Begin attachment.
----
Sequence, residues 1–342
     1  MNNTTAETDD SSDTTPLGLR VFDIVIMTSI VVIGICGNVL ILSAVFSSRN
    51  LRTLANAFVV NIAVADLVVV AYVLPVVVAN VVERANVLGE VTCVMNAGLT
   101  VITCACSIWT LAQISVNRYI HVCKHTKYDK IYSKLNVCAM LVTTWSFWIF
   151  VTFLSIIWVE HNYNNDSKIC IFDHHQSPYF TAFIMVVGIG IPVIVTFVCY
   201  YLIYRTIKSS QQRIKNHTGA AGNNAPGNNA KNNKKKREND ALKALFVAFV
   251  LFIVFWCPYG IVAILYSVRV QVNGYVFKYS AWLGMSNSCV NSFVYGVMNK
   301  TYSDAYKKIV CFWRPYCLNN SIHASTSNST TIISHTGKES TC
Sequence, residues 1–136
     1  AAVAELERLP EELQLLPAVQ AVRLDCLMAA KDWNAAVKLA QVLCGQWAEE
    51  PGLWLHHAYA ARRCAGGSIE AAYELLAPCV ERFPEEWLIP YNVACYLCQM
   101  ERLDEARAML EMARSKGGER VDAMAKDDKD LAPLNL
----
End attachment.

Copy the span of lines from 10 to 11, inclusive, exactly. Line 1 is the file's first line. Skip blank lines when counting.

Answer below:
     1  AAVAELERLP EELQLLPAVQ AVRLDCLMAA KDWNAAVKLA QVLCGQWAEE
    51  PGLWLHHAYA ARRCAGGSIE AAYELLAPCV ERFPEEWLIP YNVACYLCQM